Tuesday, July 10, 2012

New Old Tales

Briefly, I wanted to share this news (is it still new if it's from March?) about the discovery of 500 fairy tales collected by Franz Xaver von Schönwerth.  Apparently, they were locked away in a vault and only now removed for publication. 

Sounds like a fairy tale in itself.

I'm a tad bemused they are calling them "new," since they were collected in the 19th century, the same time the Grimm brothers were recording their fairy tales from a circle of friends who heard them from their servants and nurses.

I am pleased that these stories have been preserved and are now being made available to the public.  To my understanding, "traditional" fairy tales like these don't arise spontaneously anymore; except, perhaps, in rural or non-industrialized communities.  Any new fairy tales are penned by single authors.
King Golden Hair, one of the vaulted fairy tales (artist?)
Are traditional-type fairy tales no longer a naturally occurring phenomenon?  If so, this collection of Bavarian tales is treasure indeed.

What do you think?  Is there such thing as a new fairy tale?



  1. If the format is "stories that come from group think and are modified from one teller to the next," maybe... urban legends?

  2. This is an interesting question. I am a fan of T.S. Eliot's ideas on tradition, put forward in his essay, 'Tradition and the Individual Talent'.

    'Tradition is a matter of much wider significance. It cannot be inherited, and if you want it you must obtain it by great labour. It involves, in the first place, the historical sense...; and the historical sense involves a perception, not only of the pastness of the past, but of its presence; the historical sense compels a man to write not merely with his own generation in his bones, but with a feeling that the whole of the literature of Europe from Homer and within it the whole of the literature of his own country has a simultaneous existence and composes a simultaneous order. This historical sense, which is a sense of the timeless as well as of the temporal and of the timeless and of the temporal together, is what makes a writer traditional.'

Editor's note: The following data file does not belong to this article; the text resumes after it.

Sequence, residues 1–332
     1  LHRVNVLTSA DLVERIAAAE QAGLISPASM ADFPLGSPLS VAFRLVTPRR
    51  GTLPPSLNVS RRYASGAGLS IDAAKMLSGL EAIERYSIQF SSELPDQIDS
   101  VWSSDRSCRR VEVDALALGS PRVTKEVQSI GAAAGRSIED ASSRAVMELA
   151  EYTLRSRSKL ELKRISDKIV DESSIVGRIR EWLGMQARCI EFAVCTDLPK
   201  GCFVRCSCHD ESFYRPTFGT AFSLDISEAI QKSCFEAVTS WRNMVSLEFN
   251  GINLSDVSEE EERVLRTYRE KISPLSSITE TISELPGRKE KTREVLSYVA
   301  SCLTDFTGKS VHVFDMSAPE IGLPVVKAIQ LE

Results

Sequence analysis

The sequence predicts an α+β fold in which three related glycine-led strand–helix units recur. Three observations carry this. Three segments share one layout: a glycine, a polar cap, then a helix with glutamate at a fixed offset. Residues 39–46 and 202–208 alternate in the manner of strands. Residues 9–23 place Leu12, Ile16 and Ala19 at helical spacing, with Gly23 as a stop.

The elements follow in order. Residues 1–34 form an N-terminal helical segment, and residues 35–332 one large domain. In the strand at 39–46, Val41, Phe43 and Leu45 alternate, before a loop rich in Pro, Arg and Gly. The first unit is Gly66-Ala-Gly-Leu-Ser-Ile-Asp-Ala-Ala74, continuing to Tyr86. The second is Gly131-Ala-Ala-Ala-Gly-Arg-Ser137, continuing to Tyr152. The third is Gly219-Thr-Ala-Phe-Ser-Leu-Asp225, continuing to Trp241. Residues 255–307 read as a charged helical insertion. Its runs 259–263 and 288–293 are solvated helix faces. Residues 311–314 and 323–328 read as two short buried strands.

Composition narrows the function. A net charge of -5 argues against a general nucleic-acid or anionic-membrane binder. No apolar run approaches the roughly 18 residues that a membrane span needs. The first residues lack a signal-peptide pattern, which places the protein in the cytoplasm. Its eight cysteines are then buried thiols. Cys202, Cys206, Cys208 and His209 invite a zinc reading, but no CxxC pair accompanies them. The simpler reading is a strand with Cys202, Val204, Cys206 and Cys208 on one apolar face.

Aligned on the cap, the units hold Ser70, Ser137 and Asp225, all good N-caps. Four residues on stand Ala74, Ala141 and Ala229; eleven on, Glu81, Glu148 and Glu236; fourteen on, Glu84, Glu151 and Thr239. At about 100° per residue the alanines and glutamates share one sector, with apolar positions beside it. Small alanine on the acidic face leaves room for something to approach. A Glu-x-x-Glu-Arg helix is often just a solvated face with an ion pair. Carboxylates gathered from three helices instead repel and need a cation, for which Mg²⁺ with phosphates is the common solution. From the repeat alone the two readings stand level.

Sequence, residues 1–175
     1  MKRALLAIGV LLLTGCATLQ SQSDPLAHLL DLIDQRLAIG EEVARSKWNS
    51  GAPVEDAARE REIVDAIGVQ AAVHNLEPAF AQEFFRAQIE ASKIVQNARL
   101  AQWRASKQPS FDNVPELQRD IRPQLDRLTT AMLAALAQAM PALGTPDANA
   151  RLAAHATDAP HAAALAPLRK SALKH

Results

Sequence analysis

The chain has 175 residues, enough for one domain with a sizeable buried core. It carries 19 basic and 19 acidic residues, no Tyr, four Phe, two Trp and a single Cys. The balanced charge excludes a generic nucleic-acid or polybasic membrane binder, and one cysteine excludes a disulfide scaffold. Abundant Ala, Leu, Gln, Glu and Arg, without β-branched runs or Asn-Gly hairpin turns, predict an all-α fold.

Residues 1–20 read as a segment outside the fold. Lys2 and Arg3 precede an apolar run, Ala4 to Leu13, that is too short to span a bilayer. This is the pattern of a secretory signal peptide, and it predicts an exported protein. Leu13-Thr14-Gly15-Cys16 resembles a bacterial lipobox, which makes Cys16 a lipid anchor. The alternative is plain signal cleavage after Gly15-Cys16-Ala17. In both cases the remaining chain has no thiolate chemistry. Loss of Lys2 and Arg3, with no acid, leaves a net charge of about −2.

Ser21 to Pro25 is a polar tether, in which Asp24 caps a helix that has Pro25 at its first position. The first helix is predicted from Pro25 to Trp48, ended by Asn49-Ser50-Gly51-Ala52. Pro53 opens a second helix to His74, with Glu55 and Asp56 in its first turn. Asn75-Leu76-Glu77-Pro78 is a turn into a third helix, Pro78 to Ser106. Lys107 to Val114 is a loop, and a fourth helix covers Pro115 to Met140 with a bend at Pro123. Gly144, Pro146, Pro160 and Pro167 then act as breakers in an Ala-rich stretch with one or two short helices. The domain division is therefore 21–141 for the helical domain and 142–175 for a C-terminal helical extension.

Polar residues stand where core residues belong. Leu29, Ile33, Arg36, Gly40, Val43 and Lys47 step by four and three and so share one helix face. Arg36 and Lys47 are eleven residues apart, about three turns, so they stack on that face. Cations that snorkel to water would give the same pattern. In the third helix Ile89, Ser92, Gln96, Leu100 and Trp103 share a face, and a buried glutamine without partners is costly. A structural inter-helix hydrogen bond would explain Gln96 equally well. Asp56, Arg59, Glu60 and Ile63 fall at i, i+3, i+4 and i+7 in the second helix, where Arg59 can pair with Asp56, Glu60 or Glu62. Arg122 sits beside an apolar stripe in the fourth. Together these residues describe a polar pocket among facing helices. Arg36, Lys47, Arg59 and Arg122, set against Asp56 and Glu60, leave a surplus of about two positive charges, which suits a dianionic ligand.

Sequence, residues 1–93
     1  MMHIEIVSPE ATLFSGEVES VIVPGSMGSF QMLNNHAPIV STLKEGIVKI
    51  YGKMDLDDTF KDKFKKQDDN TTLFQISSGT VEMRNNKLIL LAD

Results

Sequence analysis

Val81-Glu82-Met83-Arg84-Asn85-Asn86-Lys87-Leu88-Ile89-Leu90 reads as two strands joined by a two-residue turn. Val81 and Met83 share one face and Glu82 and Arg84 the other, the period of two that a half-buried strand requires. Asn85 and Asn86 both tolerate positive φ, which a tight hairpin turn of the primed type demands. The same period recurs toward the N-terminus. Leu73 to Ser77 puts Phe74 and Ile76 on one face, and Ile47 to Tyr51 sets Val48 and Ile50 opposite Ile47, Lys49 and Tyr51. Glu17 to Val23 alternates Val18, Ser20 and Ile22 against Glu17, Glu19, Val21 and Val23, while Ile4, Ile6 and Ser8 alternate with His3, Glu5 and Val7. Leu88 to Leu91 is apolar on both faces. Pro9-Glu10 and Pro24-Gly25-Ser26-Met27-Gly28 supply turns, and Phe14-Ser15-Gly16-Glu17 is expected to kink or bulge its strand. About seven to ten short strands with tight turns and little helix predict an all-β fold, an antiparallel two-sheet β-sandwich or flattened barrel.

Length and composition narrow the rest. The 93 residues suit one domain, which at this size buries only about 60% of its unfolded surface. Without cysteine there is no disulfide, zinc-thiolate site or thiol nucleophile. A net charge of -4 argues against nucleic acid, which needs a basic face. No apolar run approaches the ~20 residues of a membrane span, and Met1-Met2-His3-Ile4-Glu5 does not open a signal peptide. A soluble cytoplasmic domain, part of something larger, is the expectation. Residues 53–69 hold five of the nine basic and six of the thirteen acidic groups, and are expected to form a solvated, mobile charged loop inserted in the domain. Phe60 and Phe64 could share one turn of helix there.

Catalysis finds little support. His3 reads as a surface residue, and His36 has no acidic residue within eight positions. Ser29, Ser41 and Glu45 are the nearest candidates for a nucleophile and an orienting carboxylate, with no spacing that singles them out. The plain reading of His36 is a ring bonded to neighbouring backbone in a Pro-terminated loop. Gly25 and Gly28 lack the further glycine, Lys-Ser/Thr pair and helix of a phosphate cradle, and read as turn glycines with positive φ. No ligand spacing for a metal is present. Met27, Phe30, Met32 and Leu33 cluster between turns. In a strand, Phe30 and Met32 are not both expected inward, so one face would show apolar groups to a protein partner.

The means of writing and telling fairy tales may have changed dramatically over the years, but if a writer inherits the stories of the past and creates new ones, then I think they can be seen as 'traditional'. Also, there are so many variations of the same tales that have appeared in different times and different cultures that fairy tales seem to have always been an evolving tradition, and this shouldn't mean that today's stories shouldn't be seen as a part of this sprawling web.
    There are only so many story lines in the world, as there are only so many musical notes; we never doubt that new music can always be created, so why should we doubt the possibility of new stories, and shrink away from saying they are 'new'?

  3. Thank you, you have set my mind racing and inspired a blog post of my own!

  4. @ rich layers - I had thought of urban legends. I wonder where scholars place them among the greater genres of folklore, legends, and mythology.

    @ A.L. Loveday - Thank _you_! Mentioning T.S. Eliot is a sure way to get me to sit up and listen. I like his analysis, and I should have read it before when I was writing my thesis, because it fits in perfectly with what David Jones does in _The Anathemata_.

    Thank for reading!


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